Great Expectations: What Should You Expect From Your Product Team?
This article was originally published on Pragmatic Marketing’s blog by instructor Steve Gaylor
As an executive, you know that product teams are essential to the business. You rely on them for strategy, research, recommendations and more.
But even with all the faith you place in your product teams, you may not know exactly what to expect of these product managers and marketers. And that’s frustrating for you and your team members.
Communication is essential—speaking the same language, agreeing on responsibilities and deliverables, and aligning to the company’s bigger strategy. And the Pragmatic Marketing Framework is a good place to start to help everyone, from team members to executives, align on the structure and responsibilities of product teams. It also helps ensure everyone is speaking the same language.
Once your organization and structure are in place, you can establish priorities and define deliverables based on this fundamental common understanding. So what are those priorities and deliverables?
The Messenger of the Market
Above all else, a product team needs to provide the organization with an understanding of the market. At the core, that means being the voice of the customer, though the market is certainly larger than just your customers.
With their understanding of the market and its context, your product team can evaluate potential new opportunities, whether they stem from the market or from your employees. That evaluation process leads directly into product strategy and vision—the problem you’re trying to solve, your big-picture goals and how you’re going to accomplish them. Once vetted by the product team, those opportunities can be presented to the executive team for initial review and to gain approval for further detailed analysis.
Of course, to take an idea to market, you also need to identify sales and marketing channels, the right messages and the positioning. Other parts of the organization are responsible for delivering those artifacts—the sales team for selling, the marketing team for developing the messages, the development or engineering teams for actually creating the products. But before anyone can execute on those responsibilities, your product team must fulfill its essential role as messenger of the market and share that knowledge with the rest of the organization.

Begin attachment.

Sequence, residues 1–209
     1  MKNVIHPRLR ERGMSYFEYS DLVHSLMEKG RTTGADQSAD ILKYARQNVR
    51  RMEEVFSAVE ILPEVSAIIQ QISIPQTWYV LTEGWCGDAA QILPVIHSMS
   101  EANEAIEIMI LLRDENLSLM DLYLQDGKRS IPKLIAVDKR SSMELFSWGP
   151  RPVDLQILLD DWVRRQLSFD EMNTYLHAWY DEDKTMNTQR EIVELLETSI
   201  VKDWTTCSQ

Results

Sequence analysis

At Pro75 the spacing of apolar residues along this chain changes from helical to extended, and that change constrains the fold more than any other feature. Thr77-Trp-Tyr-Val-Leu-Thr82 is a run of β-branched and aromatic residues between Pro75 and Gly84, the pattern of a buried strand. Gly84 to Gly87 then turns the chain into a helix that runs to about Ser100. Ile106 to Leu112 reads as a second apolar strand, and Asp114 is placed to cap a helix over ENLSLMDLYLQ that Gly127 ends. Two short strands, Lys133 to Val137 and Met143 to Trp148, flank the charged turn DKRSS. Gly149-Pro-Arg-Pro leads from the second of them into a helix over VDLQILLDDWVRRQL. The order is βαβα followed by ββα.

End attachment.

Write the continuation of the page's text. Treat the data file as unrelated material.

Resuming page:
The Key Deliverables
Next up, you need to assign tasks. A product team should be creating several basic tangible deliverables as the messenger of the market.
Market visit documentation. First and foremost, your product team should be engaging in market visits, documenting them and then sharing that documentation. The information from those visits is extremely valuable to the rest of the company. Download a template to document your market visits here.
The documentation should cover who they met with, their role and the topics discussed. Most importantly, it will document any problems uncovered during the visit. What are the unresolved issues that a company or person is facing that could lead to opportunities for your organization?
Regardless of the primary intent of any specific meeting, a product team should capture as much data as possible, documenting everything and using broad categories—the buying process or key interactions, for example—in the reporting.
Executives vary in style and preferences for the shared information, of course, but mostly we want succinct, quick, easy-to-understand, fact-based and clear documentation. Have the conversation with your product team to make sure that the final reporting aligns with your expectations.
Business plan. The product manager is often referred to as the CEO or president of the product. As an executive, you should expect a well-thought-out business plan that you and your product team can use as a tool in evaluating your success. These business plans should go beyond the numbers that are often the focus of discussion. You should understand the methodology and assumptions that drove the numbers, as well as business strategy elements like distribution channels, product portfolios, and buy, build or partner decisions.